The vast majority of fans are delighted that it is all over and have gone from a feeling of deep despondency to genuine optimism and excitement for the matches and summer ahead. However, a small core of Reds and a handful of pundits are critical of the decision to terminate Moyes’ contract, citing Sir Alex’s plea that supporters should stand by their new manager and that he deserved time to implement his ideas. United, we are told, do not sack their leaders. We are better than that, special, morally superior. This is an argument largely of the club’s own making, a mantra they preached after installing the new man, a laudable but naive and fundamentally flawed high ground. It was based purely on the notion that the new manager would simply pick up, more or less, where Fergie left off and whilst results may decline to a degree short term, matters would improve over the course of the first season and beyond. It appears now that both the board and Sir Alex swiftly realised the folly of this approach, reportedly deciding that enough was enough after the abysmal defeat to Olympiacos in Athens. Patience is all well and good if you have the right man, but it became patently obvious very quickly that United did not. They had backed a lame horse and a degree of credit should be given to the club and Fergie for accepting that a mistake had been made, even if rectifying that mistake took far far longer than it should have. Recognising the error of judgement was easy. The performances on the pitch and Moyes’ repeated, astounding verbal gaffes made it crystal clear that he was not the right man. As results worsened and unrest within the squad grew the unravelling of the Champions of England became impossible to ignore. But identifying there is a problem is one thing. Admitting to yourself and others that you’ve messed up and acting to put that right is another. For Sir Alex, the principle driver behind the new manager’s appointment, the potential loss of face was significant. But slowly it appears that he turned, no doubt helped along by Moyes repeatedly disparaging the players he was left and alienating and isolating Ryan Giggs, perhaps the one man at United to whom the former manager has more loyalty than the man staff at Carrington supposedly called ‘Everton’. Maybe the final straw was the claim that even the great man himself would struggle with this squad, an absurdity given that Fergie had won the title by eleven points last season with this group minus nearly £70m worth of signings. The moment he turned, the game was up, the call to “stand by your manager” was permanently revoked and the magical healing quality of time and blind faith was revealed to be folly.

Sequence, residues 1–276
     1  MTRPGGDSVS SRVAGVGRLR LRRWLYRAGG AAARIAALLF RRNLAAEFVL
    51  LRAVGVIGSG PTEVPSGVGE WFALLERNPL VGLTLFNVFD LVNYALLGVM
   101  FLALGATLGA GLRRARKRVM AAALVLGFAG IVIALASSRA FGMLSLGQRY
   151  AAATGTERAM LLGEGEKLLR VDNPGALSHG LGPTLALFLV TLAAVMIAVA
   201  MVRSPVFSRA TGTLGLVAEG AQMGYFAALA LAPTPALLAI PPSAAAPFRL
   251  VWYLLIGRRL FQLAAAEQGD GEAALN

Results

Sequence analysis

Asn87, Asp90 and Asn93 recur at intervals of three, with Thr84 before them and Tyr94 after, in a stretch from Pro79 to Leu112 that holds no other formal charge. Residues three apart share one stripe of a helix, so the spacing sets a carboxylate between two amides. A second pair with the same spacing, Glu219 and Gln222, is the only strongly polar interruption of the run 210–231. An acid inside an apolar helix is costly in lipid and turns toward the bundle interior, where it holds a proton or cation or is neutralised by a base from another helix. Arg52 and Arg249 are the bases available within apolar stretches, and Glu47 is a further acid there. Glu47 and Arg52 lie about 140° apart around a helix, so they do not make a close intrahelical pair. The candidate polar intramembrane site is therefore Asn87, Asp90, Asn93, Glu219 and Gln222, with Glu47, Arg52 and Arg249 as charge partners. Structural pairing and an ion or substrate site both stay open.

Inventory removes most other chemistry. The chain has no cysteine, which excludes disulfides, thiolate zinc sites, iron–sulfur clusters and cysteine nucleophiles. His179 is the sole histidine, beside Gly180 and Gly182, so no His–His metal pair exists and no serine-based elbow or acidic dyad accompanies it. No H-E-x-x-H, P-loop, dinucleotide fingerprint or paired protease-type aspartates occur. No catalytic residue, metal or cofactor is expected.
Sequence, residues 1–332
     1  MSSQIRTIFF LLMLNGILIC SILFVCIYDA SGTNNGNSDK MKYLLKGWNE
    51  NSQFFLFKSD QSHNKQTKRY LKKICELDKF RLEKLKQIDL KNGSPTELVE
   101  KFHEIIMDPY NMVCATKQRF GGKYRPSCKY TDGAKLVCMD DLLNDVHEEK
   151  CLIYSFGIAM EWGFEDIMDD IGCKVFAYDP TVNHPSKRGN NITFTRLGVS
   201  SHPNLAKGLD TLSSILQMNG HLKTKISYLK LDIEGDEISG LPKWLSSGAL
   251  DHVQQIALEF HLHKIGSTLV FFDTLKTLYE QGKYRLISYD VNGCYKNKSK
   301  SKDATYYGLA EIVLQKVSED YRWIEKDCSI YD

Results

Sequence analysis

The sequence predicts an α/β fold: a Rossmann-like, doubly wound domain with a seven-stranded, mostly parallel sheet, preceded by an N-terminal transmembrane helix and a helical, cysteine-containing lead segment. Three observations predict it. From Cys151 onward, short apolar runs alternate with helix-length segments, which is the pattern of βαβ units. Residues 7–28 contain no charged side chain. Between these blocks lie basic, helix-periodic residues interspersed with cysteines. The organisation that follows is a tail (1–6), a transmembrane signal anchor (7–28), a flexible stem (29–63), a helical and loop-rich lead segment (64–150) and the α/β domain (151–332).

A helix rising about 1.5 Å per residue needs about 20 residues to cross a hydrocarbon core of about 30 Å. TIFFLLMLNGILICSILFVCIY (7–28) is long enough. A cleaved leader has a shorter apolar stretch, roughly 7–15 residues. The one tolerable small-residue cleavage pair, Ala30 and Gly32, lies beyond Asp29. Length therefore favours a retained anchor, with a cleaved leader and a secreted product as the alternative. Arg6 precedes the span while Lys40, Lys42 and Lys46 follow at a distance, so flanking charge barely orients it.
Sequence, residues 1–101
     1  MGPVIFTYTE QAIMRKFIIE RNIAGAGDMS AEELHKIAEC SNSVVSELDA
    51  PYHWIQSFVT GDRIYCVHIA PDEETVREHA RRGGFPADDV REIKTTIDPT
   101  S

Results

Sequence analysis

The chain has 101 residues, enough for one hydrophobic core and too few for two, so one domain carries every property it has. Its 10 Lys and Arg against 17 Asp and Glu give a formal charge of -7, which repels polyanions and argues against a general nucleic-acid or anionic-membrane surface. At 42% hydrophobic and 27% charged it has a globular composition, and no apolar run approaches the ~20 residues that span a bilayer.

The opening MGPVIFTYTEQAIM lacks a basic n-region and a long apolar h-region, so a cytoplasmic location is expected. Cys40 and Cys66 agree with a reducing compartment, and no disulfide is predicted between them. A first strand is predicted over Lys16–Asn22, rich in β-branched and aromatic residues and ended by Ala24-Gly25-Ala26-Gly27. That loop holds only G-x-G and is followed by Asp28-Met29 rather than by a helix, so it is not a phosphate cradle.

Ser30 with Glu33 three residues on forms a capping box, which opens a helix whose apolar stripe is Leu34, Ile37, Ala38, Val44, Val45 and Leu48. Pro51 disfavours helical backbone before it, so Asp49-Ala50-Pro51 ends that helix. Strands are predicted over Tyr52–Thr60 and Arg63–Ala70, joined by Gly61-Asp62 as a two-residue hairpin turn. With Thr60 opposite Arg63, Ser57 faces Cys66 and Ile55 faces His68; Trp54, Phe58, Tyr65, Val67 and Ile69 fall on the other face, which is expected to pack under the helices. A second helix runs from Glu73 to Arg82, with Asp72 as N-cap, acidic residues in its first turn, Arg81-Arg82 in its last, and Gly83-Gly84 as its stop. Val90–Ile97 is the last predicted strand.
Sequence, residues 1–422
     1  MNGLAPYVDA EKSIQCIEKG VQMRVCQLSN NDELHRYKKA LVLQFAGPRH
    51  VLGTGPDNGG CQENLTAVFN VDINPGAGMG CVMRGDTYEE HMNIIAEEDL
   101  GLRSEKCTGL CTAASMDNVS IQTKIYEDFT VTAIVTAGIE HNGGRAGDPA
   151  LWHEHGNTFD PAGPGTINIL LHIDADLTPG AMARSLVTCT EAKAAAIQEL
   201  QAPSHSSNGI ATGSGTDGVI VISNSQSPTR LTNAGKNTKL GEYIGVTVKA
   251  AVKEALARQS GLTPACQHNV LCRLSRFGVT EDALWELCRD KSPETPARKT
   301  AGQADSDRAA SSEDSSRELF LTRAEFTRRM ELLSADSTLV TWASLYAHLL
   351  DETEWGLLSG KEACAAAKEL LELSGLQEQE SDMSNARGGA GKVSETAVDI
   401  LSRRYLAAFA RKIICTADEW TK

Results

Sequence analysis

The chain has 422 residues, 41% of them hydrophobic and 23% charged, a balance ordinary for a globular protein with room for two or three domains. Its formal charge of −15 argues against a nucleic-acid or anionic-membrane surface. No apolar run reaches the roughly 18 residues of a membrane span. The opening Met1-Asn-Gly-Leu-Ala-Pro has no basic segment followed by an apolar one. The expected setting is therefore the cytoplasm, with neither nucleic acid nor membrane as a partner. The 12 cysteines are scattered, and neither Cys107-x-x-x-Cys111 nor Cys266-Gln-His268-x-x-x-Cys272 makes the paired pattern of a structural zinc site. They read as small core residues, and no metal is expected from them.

There are many more stories now being reported which demonstrate the extent of the malaise: the United player who in Athens shouted out that the referee should “Send him (Moyes) off, we’d be better off” within earshot of coaching staff; the eight players who failed to turn up at the suit fitting for next season, one saying that there was no point as “if he’s here next season we won’t be”. The divide between most of the playing staff and the principle core of coaches appears to have been a chasm. There was surely no way back. With former colleagues and players at Everton lining up to put the boot in it was clearly time to accept that, despite the manager blaming the players, referees and even the FA, Moyes was the man at the wheel, steering the ship towards the rocks.

Now that he has finally gone we can look forward with renewed optimism. In the short term we get to celebrate what must surely be the final weeks in the astounding playing career of Ryan Giggs, with the great man himself at the helm. Three days ago it appeared that his exit would be most unsatisfactory, ushered out the back door by the incumbent manager. Now he will be the centre of attention on the pitch (should he pick himself) and off it, in what must surely be a brief trial run for a man marked out as a future full-time United manager. In the medium term suddenly the garden is more rosy and the next few months will be full of intrigue as we welcome what will surely be a big name manager to the club. Hopefully he will bring new ideas and a progressive philosophy and be boosted by the Glazers finally following through on the annual transfer war chest propaganda and investing the club’s cash rather than throwing it away. If reports regarding a £30m deal for Luke Shaw are correct then it appears that this summer will truly be different. It has to be if the owners are to protect the value of their investment (ugh). Just how far their ambition stretches is open to serious question, but for now the important thing is to be moving forward again after nine months of backstroke. With important members of the squad now more minded to stay there is plenty of cause to be positive. There are no guarantees, but whoever Moyes’ successor is they will almost certainly make a better job of it than he did. He must surely be the easiest act to follow in United’s history.